All of this isn’t to say that we don’t need universal broadband access; we unequivocally do. The problem isn’t that centrist technocrats seek to broaden Internet access; it’s how they seek to broaden it. As others have argued, leaders should embrace the conceit of Internet access for all, but instead of funneling millions of additional dollars to telecom giants, dedicate broadband policy to serving the public, like any other public utility. At the local level, this prospect has already proven feasible and popular—perhaps a glimpse into how a piecemeal, inchoate series of projects might mature into a robust nationwide public infrastructure.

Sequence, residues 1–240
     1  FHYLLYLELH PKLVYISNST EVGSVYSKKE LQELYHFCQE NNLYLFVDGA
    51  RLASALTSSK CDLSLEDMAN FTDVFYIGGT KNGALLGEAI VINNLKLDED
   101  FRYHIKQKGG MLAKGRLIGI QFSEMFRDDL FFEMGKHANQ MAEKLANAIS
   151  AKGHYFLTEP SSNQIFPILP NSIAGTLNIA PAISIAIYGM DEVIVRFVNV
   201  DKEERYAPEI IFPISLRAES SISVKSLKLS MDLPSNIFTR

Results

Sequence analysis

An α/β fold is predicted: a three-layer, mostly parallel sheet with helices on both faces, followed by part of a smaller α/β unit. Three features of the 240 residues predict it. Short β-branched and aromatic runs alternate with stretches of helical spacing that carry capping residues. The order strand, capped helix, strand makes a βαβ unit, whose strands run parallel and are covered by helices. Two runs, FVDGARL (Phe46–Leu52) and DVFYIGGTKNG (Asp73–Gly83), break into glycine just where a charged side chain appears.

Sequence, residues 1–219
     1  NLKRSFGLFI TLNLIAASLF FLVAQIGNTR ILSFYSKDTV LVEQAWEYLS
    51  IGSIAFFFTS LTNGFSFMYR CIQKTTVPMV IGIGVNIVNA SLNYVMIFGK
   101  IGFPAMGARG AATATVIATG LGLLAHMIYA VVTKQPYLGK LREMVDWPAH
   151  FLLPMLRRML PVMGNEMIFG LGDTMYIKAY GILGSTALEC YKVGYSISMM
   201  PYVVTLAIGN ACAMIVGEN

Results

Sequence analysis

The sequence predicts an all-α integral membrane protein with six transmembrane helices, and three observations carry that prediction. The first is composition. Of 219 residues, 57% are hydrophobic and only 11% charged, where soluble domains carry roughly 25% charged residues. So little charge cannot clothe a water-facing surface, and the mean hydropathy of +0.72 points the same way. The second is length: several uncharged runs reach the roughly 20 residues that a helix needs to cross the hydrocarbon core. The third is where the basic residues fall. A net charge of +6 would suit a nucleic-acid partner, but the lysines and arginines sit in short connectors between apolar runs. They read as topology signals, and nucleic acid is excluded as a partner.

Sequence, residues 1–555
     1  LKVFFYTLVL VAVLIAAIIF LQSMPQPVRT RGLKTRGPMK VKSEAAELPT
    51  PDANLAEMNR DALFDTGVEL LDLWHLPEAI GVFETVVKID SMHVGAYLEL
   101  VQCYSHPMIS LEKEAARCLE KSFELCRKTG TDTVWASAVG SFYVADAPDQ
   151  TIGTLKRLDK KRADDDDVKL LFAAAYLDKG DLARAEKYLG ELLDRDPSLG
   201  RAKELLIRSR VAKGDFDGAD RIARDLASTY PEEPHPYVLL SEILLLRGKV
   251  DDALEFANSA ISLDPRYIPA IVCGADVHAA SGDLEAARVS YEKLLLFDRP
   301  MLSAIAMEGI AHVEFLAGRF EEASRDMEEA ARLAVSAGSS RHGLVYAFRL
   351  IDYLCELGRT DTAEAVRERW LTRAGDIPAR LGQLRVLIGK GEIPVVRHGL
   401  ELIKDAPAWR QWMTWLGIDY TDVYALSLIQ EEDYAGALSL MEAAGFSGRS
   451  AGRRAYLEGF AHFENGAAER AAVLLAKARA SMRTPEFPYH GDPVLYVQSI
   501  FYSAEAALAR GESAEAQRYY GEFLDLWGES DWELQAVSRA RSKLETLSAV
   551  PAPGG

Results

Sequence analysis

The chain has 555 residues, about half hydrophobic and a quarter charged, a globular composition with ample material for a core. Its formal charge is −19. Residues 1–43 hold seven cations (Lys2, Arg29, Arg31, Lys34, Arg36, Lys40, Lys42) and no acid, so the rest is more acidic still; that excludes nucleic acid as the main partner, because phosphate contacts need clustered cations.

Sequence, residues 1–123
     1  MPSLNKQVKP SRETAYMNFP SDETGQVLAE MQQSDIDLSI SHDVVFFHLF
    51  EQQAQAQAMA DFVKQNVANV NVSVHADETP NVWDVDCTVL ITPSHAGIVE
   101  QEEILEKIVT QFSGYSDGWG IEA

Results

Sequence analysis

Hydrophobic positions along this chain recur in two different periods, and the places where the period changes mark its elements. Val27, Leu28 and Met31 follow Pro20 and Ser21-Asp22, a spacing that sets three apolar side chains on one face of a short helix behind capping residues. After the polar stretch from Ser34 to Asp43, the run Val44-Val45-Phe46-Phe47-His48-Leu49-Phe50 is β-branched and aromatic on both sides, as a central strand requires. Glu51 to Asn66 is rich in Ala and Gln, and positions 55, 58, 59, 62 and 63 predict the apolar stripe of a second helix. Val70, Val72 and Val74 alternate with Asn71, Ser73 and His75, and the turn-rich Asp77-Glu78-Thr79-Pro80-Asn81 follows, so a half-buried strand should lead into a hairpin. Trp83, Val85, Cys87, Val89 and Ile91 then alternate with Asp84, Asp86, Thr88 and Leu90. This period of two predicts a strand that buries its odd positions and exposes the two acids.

Connect Local? Think Local, Connect Global? Local/Global to Table? Free Range Access? It needs a chatchphrase and the catchphrase needs a movment. A national policy with lots of little local hubs. Done right this makes the American portion of the global Internet more secure on multipule levels.